Justin Russell & Ashley Ralph own Prime Bees apiary in College Station, Texas. Ashley and her husband Justin own Prime Bees apiary in College Station, Texas. They offer educational services as well as pollination, raw honey, agricultural leases, and bee sales. Ashley owns a real estate brokerage in Bryan / College Station and enjoys the change in pace that beekeeping brings. Justin & Ashley are in the Master Beekeeping Program and are an active members of the Brazos Valley Beekeepers Association where Justin is currently President.
Raw Honey from Argentina, Brazil, India, and Vietnam Injures U.S. Industry, Says USITC
May 11, 2022
News Release 22-058
Inv. No. 731-TA-1560-1562 and 731-TA-1564 (Final)
Contact: Jennifer Andberg, 202-205-1819
Raw Honey from Argentina, Brazil, India, and Vietnam Injures U.S. Industry, Says USITC
The United States International Trade Commission (USITC) today determined that a U.S. industry is materially injured by reason of imports of raw honey from Argentina, Brazil, India, and Vietnam that the U.S. Department of Commerce (Commerce) has determined are sold in the United States at less than fair value.
Chair Jason E. Kearns, Vice Chair Randolph J. Stayin, and Commissioners David S. Johanson, Rhonda K. Schmidtlein, and Amy A. Karpel voted in the affirmative.
As a result of the Commission’s affirmative determinations, Commerce will issue antidumping duty orders on imports of this product from Argentina, Brazil, India, and Vietnam.
The Commission made a negative critical circumstances finding with regard to imports of this product from Argentina. The Commission made an affirmative critical circumstances finding with regard to imports of this product from Vietnam.
The Commission’s public report Raw Honey from Argentina, Brazil, India, and Vietnam (Inv. Nos. 731-TA-1560-1562 and 731-TA-1564 (Final), USITC Publication 5327, May 2022) will contain the views of the Commission and information developed during the investigations.
UNITED STATES INTERNATIONAL TRADE COMMISSION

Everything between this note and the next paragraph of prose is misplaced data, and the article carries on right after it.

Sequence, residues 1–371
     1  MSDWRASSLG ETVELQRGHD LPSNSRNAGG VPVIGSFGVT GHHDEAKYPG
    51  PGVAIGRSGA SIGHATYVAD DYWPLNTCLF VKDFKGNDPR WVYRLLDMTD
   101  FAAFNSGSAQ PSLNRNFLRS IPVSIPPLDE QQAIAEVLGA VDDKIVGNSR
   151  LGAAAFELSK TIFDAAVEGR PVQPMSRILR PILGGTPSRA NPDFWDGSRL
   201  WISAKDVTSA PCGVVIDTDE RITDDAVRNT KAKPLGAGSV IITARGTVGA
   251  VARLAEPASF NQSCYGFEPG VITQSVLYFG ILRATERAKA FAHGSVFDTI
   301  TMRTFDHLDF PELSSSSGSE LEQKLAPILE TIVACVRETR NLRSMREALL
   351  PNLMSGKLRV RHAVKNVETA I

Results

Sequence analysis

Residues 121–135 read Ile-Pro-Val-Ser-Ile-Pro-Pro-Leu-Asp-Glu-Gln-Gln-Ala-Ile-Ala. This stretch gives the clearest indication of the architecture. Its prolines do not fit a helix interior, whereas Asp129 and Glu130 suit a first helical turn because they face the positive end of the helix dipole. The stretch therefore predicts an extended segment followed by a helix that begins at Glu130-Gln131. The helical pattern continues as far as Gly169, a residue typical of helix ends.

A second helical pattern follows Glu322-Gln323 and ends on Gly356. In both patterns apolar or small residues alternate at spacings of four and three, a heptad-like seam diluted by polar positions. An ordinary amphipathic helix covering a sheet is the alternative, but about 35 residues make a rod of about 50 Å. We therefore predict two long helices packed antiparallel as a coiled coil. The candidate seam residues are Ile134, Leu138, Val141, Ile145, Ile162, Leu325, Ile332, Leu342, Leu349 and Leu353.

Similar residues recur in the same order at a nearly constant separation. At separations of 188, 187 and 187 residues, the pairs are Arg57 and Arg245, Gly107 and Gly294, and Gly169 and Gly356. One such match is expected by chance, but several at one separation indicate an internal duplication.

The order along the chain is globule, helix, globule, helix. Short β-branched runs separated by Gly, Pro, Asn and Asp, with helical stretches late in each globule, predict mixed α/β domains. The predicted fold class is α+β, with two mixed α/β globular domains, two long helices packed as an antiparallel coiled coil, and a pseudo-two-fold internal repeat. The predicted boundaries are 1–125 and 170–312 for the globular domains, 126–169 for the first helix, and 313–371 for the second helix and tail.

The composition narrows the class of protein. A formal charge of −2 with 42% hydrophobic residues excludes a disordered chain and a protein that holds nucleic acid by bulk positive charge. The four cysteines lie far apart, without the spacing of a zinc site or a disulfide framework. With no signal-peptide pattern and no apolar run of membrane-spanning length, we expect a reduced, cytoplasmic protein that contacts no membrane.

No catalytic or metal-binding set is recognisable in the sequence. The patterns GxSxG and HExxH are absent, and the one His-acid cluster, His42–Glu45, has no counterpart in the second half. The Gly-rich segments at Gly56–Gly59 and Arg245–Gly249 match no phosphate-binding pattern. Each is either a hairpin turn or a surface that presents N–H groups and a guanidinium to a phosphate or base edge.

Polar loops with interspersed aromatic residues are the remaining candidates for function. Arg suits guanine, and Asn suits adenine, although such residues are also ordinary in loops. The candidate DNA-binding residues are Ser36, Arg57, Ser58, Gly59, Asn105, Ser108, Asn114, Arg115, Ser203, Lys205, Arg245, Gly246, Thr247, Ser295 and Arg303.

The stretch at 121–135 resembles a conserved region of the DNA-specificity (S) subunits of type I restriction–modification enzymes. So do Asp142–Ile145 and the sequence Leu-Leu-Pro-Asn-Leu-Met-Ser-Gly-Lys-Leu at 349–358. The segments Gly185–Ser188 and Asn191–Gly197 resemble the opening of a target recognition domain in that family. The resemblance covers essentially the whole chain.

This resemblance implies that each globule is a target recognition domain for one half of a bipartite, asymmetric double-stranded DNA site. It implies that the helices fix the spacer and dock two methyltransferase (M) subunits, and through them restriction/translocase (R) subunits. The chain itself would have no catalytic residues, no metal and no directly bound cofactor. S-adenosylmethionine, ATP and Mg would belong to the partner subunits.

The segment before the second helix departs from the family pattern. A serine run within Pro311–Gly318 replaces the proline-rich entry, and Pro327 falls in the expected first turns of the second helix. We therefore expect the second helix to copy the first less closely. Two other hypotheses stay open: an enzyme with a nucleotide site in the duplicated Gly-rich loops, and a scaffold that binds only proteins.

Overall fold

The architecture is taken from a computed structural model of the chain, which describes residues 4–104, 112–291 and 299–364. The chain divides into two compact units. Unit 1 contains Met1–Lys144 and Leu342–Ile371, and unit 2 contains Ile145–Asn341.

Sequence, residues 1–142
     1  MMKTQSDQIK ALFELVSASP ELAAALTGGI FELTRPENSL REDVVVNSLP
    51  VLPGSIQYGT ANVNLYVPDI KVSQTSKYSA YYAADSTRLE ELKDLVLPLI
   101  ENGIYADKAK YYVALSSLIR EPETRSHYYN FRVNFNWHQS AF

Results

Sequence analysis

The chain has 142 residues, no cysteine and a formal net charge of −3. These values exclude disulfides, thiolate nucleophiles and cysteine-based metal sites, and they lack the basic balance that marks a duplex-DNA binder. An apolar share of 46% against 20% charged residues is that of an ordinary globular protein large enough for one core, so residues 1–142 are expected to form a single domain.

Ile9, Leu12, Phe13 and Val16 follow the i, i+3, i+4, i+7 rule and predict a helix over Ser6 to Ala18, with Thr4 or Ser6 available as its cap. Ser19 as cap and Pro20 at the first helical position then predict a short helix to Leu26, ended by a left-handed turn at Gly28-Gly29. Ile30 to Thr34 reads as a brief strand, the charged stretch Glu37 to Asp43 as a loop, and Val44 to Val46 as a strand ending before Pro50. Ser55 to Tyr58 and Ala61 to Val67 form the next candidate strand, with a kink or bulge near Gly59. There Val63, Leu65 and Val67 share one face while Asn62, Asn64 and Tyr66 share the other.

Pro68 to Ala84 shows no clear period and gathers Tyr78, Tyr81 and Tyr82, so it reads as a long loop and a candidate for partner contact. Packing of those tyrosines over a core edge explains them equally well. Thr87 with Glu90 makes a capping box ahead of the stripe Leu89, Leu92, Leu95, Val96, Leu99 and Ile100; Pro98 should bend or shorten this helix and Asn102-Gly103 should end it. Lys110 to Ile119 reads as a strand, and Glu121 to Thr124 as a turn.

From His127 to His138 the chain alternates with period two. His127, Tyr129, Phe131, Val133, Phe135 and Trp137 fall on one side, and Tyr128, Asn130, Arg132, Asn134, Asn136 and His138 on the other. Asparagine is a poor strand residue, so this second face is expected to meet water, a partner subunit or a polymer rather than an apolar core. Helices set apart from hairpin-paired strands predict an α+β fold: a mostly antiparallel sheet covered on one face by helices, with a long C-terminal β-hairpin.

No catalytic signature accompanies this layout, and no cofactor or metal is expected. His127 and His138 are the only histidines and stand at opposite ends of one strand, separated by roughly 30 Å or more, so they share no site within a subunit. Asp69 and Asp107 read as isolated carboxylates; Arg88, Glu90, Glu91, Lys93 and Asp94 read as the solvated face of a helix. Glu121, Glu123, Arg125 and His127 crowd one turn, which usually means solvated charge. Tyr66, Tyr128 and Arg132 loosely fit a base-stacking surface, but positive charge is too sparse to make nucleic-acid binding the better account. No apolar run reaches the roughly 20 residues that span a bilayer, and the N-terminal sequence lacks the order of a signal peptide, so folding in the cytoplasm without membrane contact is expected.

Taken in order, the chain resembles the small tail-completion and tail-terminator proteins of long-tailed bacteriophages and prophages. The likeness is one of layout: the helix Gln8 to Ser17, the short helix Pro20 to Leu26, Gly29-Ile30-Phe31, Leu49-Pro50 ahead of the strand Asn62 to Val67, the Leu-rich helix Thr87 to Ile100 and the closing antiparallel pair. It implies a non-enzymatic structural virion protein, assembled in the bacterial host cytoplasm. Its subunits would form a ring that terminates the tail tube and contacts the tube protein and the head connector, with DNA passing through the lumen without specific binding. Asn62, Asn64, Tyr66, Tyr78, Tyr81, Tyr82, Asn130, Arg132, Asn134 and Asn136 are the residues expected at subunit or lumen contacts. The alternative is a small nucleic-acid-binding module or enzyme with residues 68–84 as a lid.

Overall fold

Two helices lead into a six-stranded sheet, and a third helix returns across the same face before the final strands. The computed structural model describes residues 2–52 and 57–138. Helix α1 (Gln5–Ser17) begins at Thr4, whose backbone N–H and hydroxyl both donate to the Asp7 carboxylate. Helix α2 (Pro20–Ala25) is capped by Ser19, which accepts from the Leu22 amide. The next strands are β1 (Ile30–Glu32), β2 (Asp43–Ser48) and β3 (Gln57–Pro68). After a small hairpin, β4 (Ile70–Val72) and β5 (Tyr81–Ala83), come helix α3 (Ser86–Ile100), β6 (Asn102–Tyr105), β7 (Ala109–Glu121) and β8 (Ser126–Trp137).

Washington, DC 20436
Raw Honey from Argentina, Brazil, India, and Vietnam
Investigation Nos.: 731-TA-1560-1562, 1564 (Final)
Product Description: Honey is a sweet, viscous fluid produced from the nectar of plants and flowers which is collected by honeybees, transformed, and combined with substances of their own, and stored and left in honeycombs to mature and ripen. Raw honey is honey as it exists in the beehive or as obtained by extraction, settling and skimming, or straining.
Status of Proceedings:
Type of investigation: Final antidumping duty investigations.
Petitioners: American Honey Producers Association (“AHPA“), Bruce, South Dakota; and Sioux Honey Association (“SHA”), Sioux City, Iowa.
USITC Institution Date: Wednesday, April 21, 2021.
USITC Hearing Date: Tuesday, April 12, 2022.
USITC Vote Date: Wednesday, May 11, 2022.
USITC Notification to Commerce Date: Tuesday, May 31, 2022.
U.S. Industry in 2020:
Number of U.S. producers: approximately 30,000 to 60,000.
Location of producers’ plants: North Dakota, South Dakota, California, Texas, Montana, Florida, Minnesota, and Michigan
Production and related workers: 1,360.
U.S. producers’ U.S. shipments: $302 million.
Apparent U.S. consumption: $690 million.
Ratio of subject imports to apparent U.S. consumption: 42.8 percent.
U.S. Imports in 2020:
Subject imports: $296 million.
Nonsubject imports: $93 million.
Leading import sources: Argentina, Brazil, India, Vietnam.
The decision will be transmitted to the Commerce Department, which will issue antidumping duty orders shortly. In addition, the Commission reached an affirmative critical circumstances determination against Vietnam. This means that U.S. Customs will collect antidumping duties on entries going back an additional 90 days prior to the preliminary antidumping duty determination—from August 28, 2020, forward. This is an important additional finding, and one that the Commission rarely makes.